May 22, 2013 -- style="background: white; margin: 0in 0in 10pt; line-height: 15pt;">By Dolly Rairigh Glass, Team Orlando Public Relations
Marine Corps Systems Command’s Program Manager Training Systems is working with the Army to develop a system of manned modules and workstations that allow tank units to train armor collective tasks at the platoon through battalion task force level.
The Army’s project manager for Combined Arms Tactical Trainers, Program Executive Office for Simulation, Training and Instrumentation provided the M1A1-D Close Combat Tactical Trainer variants to the Marine Corps as government-furnished equipment, said Annette Pike, product manager for Collective Training Systems within PMTRASYS.
The Marine Corps is incorporating the Marine-unique characteristics, the Firepower Enhancement Package, into the CCTT training systems to replicate the individual crew stations of the Marine Corps Main Battle Tank, she said.
“The Marine Corps is using their competitively awarded contract, called CCTT Concurrency Contract, for the Marine-specific development and fielding of CCTT, and their Warfighter Focus contract for sustainment of the training systems, once fielded, throughout their lifecycle,” Pike said.
Fielding is planned for March 2014 for 14 M1A1 modules to the 2nd Tank Battalion at Camp Lejeune, N.C. These M1A1 FEP CCTT modules consist of seven mobile trailers containing 14 M1A1 FEP modules, three Mobile Operation Center trailers, one Mobile Theater After-Action Review Trailer and three Portable Power System Trailers.
“While CCTT is not considered a comparable replacement to conducting unit deployment for training exercises, the CCTT will overcome the lack of maneuver space aboard Camp Lejeune,” Pike said. “By providing a virtual training environment, it gives 2nd Tank Battalion the ability to conduct training tasks it otherwise would not be able to conduct.”
Currently, 2nd Tank Battalion can only train to 42 percent of the 6000- and 7000-level standards associated with the battalion’s evaluation coded training tasks. The CCTT will help fill this identified training gap.
PM TRASYS is leveraging PM CATT’s CCTT software baseline, which will allow the two parties to collaborate in the future. This will ultimately increase the capabilities for both services and at the same time reduce lifecycle costs and save taxpayer money.
“In a true IPT fashion, PM TRASYS and PM CATT are working together,” said Colonel Michael Coolican, Program Manager Training Systems. “The Marine Corps has a Marine Infantry captain managing from the PM TRASYS side, along with a chief engineer and project engineer bringing the Marine technical requirements to the table.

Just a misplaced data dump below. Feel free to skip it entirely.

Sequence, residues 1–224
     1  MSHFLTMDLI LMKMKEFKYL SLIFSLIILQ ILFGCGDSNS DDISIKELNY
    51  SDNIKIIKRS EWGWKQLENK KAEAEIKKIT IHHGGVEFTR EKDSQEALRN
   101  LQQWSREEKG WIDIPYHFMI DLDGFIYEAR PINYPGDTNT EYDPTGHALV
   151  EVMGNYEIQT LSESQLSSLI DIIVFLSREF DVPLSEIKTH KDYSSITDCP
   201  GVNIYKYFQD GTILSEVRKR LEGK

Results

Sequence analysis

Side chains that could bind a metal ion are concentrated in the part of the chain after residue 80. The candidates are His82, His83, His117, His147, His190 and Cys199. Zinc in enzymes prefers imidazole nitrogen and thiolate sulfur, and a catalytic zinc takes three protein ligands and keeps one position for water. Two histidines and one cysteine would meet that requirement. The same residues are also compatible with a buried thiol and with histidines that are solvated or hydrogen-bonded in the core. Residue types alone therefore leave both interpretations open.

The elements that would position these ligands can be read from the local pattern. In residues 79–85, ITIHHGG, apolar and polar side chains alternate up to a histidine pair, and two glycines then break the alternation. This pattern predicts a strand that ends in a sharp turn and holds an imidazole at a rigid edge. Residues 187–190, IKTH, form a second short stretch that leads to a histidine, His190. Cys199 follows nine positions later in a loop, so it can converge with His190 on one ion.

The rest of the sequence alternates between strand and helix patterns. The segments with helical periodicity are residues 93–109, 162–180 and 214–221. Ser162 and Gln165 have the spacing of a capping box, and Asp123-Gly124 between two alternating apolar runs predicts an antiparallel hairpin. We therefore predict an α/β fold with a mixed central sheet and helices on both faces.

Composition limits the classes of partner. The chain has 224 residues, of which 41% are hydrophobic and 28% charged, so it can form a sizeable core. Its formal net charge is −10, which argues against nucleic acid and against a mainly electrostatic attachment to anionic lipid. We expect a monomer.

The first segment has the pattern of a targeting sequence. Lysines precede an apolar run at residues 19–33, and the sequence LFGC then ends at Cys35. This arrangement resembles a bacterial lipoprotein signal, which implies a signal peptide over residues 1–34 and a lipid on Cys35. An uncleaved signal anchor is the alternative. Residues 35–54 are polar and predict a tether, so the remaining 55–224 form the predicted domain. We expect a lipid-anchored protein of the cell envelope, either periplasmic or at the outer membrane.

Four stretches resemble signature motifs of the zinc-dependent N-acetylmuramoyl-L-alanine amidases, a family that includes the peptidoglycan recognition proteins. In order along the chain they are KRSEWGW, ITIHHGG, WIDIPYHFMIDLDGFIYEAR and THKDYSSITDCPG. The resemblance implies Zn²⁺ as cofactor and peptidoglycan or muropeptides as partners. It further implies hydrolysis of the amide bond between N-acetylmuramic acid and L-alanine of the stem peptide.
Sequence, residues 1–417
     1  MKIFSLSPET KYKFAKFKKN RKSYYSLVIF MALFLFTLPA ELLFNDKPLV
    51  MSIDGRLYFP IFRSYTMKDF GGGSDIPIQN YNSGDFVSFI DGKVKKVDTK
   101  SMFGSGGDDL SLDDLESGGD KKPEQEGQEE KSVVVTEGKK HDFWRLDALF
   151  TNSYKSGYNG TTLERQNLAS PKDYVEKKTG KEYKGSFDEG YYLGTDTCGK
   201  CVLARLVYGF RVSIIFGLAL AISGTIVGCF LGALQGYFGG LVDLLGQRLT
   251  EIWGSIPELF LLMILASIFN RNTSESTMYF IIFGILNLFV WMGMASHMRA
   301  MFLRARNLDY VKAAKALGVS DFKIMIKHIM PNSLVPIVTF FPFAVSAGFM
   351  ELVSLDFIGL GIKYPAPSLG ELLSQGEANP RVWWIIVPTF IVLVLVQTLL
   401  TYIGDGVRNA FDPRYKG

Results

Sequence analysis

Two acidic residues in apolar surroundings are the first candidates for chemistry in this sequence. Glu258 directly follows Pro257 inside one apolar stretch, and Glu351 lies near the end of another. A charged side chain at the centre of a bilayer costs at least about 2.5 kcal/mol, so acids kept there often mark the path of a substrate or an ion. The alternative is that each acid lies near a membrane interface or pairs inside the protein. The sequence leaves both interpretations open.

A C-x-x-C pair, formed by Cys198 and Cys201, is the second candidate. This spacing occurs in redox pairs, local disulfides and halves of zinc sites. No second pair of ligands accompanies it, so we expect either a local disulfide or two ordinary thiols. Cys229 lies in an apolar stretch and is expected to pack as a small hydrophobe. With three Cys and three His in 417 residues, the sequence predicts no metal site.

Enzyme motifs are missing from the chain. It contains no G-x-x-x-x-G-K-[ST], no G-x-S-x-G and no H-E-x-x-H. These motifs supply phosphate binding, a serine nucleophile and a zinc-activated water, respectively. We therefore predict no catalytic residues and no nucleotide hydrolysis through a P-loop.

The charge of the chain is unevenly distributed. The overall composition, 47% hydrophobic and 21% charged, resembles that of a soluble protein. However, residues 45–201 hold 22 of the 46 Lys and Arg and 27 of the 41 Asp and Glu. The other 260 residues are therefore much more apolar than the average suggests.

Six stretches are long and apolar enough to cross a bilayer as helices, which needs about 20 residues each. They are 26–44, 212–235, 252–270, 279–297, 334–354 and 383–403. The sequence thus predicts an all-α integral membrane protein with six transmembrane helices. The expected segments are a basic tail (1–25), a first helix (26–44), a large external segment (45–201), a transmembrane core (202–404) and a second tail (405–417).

“We are also using subject matter experts from Camp Lejeune for the critical review meetings to ensure the Marine capability is matching the weapons platform,” Coolican said. “Likewise, PM CATT is using their CCTT team to support the Marine Corps in delivering this needed capability to the fleet. This is truly a successful partnership between PM CATT and PM TRASYS.”
PM TRASYS and PEO STRI are not strangers to collaborating and working together. A memorandum of agreement was signed May 22, 2012, to officially recognize the two organizations’ working partnership.
The MOA outlined the goals, objectives and responsibilities between PM TRASYS and PM CATT in their efforts toward increasing partnership through synergistic capability development. The primary focus of the MOA is to drive down development, procurement and sustainment costs for similar Army and Marine Corps training requirements.
One year prior to that, in 2011, PM TRASYS also signed an MOU with PM TRADE to document their commitment to maintaining a partnership to work together on similar Individual and soldier and Marine training devices.
“These partnerships also help improve technology developments by industry because when the requirements are combined and presented to industry, it is much more powerful,” Pike said. “With the Marines and the Army working more closely together on common training requirements, specifically to approaches to collective and virtual training systems, the industry partners can better leverage their internal resources.”
No matter who is working with whom, whether it’s PM TRASYS, PEO STRI, Naval Air Warfare Center Training Division or Air Force Agency for Modeling and Simulation, the partnerships are strong, according to Coolican. “These organizations’ efforts, along with the resources and support of industry, academia and government organizations, make up Team Orlando. Together they are working to accomplish their single goal of improving human performance through simulation. “